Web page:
FWCP preparing for annual sturgeon release

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A juvenile sturgeon about to be placed in Kootenay River during last year's sturgeon release.

A juvenile sturgeon about to be placed in Kootenay River during last year's sturgeon release.

It’s that sturgeon time of the year again! If you have not yet experienced the thrill of releasing a juvenile white sturgeon into the Kootenay River, then April 19, provides the perfect opportunity. This public event is free and runs from 2-4 p.m. at the old ferry landing at the end of Kootenay River Road just west of Creston.

The event is supported by the Fish and Wildlife Compensation Program (FWCP), Freshwater Fisheries Society of BC, Creston Valley Wildlife Management Area, the Ministry of Natural Resource Operations and Kootenai Tribe of Idaho (KTOI).

“They are not like most other fish; holding and releasing these prehistoric-like little creatures is a pretty cool feeling,” says FWCP senior fisheries biologist James Baxter. “It is like holding part of our natural history in your hands since sturgeon have been on this planet for 175 million years.”

KTOI initiated a sturgeon conservation aquaculture program, with funding from Bonneville Power Administra-tion, in 1991. The program, the first of its kind, collects wild broodstock adult sturgeon from the river and raises the juveniles in a hatchery. In 2011, approximately 1,200 juvenile sturgeon will be released near Creston, and more in the U.S.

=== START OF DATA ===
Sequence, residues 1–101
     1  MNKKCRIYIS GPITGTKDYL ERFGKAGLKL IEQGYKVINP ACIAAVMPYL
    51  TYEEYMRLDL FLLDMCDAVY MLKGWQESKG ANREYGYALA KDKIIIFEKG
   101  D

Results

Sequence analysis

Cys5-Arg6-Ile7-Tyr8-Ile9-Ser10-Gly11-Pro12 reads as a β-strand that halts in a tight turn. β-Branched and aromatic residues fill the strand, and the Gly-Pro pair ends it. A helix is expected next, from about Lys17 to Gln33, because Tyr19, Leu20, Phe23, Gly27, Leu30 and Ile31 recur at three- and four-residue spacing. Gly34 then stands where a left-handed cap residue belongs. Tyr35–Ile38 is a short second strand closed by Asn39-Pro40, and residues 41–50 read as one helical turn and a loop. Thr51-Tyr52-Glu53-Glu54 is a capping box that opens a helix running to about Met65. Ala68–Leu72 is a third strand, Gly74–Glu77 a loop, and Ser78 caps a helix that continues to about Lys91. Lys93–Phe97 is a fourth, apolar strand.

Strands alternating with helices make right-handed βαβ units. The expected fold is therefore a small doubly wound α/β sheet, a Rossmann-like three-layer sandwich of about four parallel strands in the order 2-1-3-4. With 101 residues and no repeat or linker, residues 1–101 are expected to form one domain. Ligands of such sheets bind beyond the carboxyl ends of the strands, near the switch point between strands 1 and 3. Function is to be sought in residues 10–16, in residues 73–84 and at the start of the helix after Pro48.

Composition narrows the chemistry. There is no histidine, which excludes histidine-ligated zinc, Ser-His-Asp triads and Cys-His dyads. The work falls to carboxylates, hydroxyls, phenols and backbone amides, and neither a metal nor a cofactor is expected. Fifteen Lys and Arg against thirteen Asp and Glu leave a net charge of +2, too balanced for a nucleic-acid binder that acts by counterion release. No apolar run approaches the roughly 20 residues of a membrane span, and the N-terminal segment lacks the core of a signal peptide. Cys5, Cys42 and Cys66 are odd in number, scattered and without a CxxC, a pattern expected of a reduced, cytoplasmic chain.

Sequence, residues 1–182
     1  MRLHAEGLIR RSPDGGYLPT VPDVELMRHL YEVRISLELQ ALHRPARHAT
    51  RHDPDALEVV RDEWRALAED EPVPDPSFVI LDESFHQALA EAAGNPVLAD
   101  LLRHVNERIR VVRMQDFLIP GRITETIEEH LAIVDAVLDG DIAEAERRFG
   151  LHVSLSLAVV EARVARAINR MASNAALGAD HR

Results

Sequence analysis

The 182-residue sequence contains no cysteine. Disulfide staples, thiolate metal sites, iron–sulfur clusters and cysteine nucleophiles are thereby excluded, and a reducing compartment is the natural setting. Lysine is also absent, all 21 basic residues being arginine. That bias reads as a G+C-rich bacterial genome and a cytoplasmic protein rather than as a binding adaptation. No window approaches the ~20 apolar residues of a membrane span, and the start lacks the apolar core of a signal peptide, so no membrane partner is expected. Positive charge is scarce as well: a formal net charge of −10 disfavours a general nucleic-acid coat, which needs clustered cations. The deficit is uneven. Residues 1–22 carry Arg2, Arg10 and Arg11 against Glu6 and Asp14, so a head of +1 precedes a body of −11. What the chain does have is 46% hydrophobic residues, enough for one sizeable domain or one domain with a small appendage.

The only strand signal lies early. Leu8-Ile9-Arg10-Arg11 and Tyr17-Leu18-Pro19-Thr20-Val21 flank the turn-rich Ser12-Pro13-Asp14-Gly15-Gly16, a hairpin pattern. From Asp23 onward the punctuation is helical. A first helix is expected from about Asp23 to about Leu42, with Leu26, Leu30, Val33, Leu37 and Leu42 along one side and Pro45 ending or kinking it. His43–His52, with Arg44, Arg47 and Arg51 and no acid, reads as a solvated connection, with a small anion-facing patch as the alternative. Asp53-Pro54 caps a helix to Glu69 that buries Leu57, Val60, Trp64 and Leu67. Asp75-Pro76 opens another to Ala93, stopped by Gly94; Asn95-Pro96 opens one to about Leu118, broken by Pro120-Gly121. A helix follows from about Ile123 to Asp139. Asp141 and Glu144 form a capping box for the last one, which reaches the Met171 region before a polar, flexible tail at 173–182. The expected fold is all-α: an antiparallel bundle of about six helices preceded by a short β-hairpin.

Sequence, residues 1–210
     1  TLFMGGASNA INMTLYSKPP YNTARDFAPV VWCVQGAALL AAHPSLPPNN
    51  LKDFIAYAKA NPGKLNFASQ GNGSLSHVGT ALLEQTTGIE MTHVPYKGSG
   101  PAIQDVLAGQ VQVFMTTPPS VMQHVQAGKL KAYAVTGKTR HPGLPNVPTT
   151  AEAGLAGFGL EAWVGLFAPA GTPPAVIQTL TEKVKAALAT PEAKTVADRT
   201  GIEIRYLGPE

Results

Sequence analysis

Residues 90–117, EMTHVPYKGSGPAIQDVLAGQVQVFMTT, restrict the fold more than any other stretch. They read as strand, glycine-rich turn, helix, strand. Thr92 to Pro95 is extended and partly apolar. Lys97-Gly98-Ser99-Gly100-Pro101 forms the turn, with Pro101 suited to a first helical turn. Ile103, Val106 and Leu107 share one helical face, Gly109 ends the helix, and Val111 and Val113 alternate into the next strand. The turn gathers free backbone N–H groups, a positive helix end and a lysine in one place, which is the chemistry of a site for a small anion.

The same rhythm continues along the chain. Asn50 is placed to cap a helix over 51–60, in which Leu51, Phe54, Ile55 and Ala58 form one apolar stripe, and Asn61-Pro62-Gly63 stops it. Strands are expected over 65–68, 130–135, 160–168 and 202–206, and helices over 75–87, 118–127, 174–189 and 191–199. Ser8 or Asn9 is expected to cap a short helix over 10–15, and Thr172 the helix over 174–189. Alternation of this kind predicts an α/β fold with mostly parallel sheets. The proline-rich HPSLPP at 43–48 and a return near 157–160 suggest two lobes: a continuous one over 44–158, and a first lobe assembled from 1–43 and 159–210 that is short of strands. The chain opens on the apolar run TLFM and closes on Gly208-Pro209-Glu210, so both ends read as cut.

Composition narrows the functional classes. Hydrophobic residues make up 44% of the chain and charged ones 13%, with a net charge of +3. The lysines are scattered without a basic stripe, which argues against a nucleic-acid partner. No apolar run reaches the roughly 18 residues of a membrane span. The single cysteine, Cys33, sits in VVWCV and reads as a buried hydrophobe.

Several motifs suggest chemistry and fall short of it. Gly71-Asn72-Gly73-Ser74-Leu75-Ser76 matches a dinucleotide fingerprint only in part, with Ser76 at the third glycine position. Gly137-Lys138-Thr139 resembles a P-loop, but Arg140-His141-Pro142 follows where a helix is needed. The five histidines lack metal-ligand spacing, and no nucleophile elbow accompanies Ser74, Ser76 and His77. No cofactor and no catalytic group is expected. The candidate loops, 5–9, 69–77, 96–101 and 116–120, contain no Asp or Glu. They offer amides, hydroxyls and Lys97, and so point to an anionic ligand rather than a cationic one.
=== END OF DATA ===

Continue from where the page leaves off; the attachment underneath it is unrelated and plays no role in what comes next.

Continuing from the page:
The 10-month old juveniles weigh about 70 grams and are typically between 15 and 25 centimetres in length. They can grow to the length of a canoe and live for over 100 years.

The Kootenay River sturgeon population is endangered in both Canada and the U.S. due to a variety of human impacts, including the operation of Libby Dam that has altered the natural flow of the river. There has been virtually no natural reproduction in the wild since 1974. There are thought to be fewer than a 1,000 adults living on both sides of the border.

“We know that this is a stop-gap measure but it is a very important component of the conservation effort while we, and many other partners, work toward implementing habitat restoration measures that should provide conditions for fish to successfully reproduce in the wild,” says KTOI’s Fish and Wildlife Program director Sue Ireland. “This aquaculture program is critical if we are to avoid this population becoming extinct.”

For more information about Kootenay River white sturgeon, visit www.gofishbc.com/Sturgeon.htm. If you would like more information on the juvenile sturgeon release event contact the Fish and Wildlife Compensation Program visit www.fwcp.ca or call 250-352-6874.